As Joseph Campbell himself put it:
If you do follow your bliss you put yourself on a kind of track that has been there all the while, waiting for you, and the life that you ought to be living is the one you are living. Follow your bliss and don’t be afraid, and doors will open where you didn’t know they were going to be.
Perhaps what surprised and delighted me most about my experience was how much I learned about myself. My time in therapist training encouraged me to take a deep dive into my own psyche, to see what monsters I found dwelling in the darkness, and to find the magic in my own dreams. I completed my master’s thesis on the more traditional path of becoming a therapist, and I can honestly say that I am a more thoughtful, integrated person and coach as a result. I also discovered that of my 30 colleagues, some were training to become psychotherapists, but many were using their educational experience as a springboard into other forms of healing-oriented work: substance abuse counseling, medicine, and education at all levels, for example.
I would love to see more coaches and healing professionals of all kinds traveling in a similar direction. Not just looking at the most obvious physical and mental cues, but fearlessly delving into the realms of the spiritual and the unconscious with their clients and patients, and with themselves.
I feel strongly that anyone with a calling to work with others needs to take the time to explore their own self first. Jung said we can only take others as far as we ourselves have gone… That goes for our relationships with not just clients and patients, but also partners, children, friends, lovers, and parents. When we discover the twists and turns of our own psyches, see the mind-body connection at work within ourselves, and perceive how our way of dealing with life is shaped not only by our own past but also our cultural and societal context, we open ourselves to a far richer conversation with the world.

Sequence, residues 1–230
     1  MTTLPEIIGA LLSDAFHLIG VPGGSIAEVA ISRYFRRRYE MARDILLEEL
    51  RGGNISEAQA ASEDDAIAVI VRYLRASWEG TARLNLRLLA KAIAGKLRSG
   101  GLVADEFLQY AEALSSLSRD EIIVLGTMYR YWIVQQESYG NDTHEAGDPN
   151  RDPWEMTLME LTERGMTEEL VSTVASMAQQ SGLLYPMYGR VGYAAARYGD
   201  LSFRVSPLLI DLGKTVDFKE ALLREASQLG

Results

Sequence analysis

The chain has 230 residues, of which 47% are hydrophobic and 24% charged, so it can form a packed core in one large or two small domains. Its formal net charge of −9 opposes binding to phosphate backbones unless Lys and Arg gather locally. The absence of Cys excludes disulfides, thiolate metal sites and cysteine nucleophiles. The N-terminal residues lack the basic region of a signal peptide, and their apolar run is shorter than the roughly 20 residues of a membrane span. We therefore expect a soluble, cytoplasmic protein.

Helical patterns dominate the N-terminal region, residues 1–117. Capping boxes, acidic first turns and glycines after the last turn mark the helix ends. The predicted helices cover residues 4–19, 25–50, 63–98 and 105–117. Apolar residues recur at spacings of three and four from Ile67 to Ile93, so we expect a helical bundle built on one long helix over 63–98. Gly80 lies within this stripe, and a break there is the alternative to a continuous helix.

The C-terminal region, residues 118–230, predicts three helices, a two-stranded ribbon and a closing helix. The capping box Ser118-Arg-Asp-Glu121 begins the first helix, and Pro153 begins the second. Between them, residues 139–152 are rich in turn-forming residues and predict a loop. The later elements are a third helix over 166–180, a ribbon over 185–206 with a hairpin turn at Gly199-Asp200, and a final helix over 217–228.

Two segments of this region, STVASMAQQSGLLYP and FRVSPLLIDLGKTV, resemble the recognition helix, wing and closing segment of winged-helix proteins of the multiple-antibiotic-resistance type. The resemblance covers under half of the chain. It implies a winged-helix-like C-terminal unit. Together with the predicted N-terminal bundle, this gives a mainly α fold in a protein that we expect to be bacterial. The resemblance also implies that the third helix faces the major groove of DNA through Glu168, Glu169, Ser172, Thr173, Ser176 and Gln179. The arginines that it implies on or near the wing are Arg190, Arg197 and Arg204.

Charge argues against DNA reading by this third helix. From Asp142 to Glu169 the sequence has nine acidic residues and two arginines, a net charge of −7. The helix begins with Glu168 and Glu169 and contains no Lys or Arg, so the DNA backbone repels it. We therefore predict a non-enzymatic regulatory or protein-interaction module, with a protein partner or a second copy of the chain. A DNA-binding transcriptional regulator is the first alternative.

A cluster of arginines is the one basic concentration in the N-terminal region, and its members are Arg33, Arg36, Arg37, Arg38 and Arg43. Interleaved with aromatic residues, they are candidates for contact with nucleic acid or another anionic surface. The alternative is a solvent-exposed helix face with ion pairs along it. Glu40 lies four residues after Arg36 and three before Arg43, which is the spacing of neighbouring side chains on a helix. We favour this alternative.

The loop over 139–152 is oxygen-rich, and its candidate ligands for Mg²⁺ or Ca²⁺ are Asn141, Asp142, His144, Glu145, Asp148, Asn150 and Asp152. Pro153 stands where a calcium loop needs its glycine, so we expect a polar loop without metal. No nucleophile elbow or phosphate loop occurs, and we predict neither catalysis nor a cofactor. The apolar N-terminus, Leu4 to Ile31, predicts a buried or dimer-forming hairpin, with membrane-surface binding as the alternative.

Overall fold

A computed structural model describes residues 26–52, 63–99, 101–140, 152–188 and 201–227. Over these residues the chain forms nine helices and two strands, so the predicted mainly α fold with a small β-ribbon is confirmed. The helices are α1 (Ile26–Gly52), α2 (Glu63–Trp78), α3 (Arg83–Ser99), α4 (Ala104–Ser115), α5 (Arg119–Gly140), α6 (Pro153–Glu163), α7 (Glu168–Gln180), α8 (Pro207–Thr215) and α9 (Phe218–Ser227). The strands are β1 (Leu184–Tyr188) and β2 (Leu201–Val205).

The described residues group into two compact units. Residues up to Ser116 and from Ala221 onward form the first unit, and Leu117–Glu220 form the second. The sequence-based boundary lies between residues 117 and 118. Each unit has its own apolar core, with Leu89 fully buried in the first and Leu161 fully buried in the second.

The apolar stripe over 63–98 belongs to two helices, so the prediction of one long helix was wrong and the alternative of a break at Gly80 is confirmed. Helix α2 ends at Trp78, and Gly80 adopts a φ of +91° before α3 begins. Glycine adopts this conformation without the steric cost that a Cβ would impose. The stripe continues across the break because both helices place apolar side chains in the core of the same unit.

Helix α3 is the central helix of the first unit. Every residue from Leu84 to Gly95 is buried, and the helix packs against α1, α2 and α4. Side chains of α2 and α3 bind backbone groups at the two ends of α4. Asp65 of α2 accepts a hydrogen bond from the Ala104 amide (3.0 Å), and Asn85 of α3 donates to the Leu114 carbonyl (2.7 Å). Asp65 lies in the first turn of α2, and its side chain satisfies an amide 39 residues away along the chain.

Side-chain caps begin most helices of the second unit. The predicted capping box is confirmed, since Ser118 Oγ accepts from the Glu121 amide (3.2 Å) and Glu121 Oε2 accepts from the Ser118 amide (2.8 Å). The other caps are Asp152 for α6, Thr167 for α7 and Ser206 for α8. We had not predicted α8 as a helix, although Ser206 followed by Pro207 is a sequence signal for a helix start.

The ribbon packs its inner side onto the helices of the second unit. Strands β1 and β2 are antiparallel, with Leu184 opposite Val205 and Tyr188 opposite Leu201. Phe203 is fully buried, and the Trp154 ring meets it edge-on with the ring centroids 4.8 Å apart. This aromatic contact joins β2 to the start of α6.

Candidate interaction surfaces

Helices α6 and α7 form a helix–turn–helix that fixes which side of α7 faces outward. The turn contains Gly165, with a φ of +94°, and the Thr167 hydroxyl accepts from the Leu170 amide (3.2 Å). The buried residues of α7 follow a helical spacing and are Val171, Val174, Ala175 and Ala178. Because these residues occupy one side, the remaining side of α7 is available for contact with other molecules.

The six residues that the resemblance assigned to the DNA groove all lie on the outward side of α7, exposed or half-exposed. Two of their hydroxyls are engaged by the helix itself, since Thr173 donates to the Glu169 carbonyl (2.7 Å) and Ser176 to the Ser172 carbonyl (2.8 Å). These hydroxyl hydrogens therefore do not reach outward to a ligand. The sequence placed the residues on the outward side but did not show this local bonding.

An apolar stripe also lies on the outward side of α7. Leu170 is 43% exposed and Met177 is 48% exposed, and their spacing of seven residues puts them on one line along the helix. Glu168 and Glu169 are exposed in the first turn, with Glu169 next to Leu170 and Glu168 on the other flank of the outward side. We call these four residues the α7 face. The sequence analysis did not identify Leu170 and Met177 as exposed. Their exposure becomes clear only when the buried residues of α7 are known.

Joseph Cambray, the Provost of Pacifica, recently said, “So much of human suffering is very intimately tied up with non-conscious levels that it’s hard to imagine we could ameliorate symptoms without a depth perspective.” We tend to live in a split world, where we keep a part of ourselves hidden from view. Our outward facing persona is all we expose to others, but then there is the rest of us, buried beneath the surface.
If you think of human beings as trees, you can envision us as having these root systems that lie far beneath the surface of the Earth, which are just as extensive as the trunks and branches we have growing in plain view. Do botanists explore only the branches of a tree? No, they examine that plant’s entire structure. So, too, do healers need to invite the whole person into the room by looking at the entire system supporting their clients and patients—including belief systems and patterns of thinking they have been forming since birth, which they may not even be aware of on a conscious level.